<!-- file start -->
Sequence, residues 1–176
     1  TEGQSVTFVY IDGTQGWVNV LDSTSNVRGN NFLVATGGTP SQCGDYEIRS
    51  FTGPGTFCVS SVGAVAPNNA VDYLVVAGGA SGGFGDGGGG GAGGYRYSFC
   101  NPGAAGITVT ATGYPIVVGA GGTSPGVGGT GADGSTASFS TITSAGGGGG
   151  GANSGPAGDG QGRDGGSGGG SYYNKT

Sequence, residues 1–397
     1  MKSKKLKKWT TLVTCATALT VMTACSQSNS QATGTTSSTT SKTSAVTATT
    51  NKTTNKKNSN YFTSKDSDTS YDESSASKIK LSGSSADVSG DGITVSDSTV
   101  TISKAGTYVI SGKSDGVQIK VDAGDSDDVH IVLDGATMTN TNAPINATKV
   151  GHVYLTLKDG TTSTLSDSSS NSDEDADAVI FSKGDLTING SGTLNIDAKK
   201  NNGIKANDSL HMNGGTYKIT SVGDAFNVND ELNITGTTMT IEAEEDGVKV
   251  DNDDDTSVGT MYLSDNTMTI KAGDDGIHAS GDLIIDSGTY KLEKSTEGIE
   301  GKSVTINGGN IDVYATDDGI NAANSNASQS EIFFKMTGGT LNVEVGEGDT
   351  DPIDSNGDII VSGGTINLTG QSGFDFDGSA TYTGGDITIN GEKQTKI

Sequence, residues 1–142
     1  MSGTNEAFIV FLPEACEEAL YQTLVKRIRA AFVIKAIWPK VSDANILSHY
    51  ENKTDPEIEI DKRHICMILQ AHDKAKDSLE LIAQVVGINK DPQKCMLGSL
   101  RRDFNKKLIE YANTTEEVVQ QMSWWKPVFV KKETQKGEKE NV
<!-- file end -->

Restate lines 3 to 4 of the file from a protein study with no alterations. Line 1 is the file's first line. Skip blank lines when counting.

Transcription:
    51  FTGPGTFCVS SVGAVAPNNA VDYLVVAGGA SGGFGDGGGG GAGGYRYSFC
   101  NPGAAGITVT ATGYPIVVGA GGTSPGVGGT GADGSTASFS TITSAGGGGG